Wind power 101: how do windmills really work?

Currently, around 5% of New Zealand’s total electricity needs are powered by wind. We’re in a great location to take advantage of this renewable energy source, and we’ll be doing this more and more in coming years. Studies have shown that when combined with our abundant hydro-resources, wind could provide for more than 40% of our energy needs.

Why wind? Well, it’s renewable, it doesn’t require fuel, and it’s the cheapest form of new energy generation. If New Zealand embraces wind as an energy source, it has the potential to dramatically reduce our monthly power bills.

How is power generated from wind?

Throughout history, humans have used windmills to grind flour and perform other useful tasks. The wind turbine is an evolution of that technology.

The blades act like the wings of an aeroplane – the air flowing past the blade creates lift, which keeps them spinning.

As the blades rotate, they turn a shaft. This shaft is inside the nacelle – the box at the top of the tower where the blades protrude. That shaft goes into a gearbox (also in the nacelle), which speeds up the rotations for the generator. Using magnetic fields, the generator converts the rotational energy of the blades into electrical energy.

This electrical energy is then fed down a cable into the wind farm substation. Inside the substation the energy is converted to the correct voltage and fed into the national grid, where it’s transmitted around the country.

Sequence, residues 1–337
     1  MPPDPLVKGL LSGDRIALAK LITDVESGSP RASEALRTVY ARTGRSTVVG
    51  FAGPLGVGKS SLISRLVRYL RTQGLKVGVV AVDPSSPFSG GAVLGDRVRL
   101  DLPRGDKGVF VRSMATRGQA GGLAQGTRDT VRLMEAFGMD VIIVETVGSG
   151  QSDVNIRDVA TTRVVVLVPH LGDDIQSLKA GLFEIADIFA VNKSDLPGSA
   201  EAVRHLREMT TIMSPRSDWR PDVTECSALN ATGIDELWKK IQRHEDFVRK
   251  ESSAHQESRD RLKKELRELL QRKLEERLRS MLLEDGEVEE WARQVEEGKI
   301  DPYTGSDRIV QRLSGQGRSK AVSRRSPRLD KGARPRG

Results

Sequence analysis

Why do wind turbines only have three blades?

You’d assume that the more blades a turbine has, the more power it would produce. But that’s actually not true – the more blades, the more wind resistance and drag are created, reducing the efficiency of the turbine.

One blade would actually yield the most energy, because it creates the least amount of drag, with two blades coming in second. However, one blade is far too unstable. Although turbines with two blades do exist, they often succumb to something called “gyroscopic precession” (a fancy term for ‘wobbling’) that stresses the turbine’s components and wears it out faster.

Three blades is the most efficient and stable option. For now. Scientists and engineers are hard at work on new designing, including bladeless turbines that harness gyroscopic energy. It will be fascinating to see what the future holds for wind power!

For more information on why turbines have three blades, see this interesting article on Investigate Engineering.

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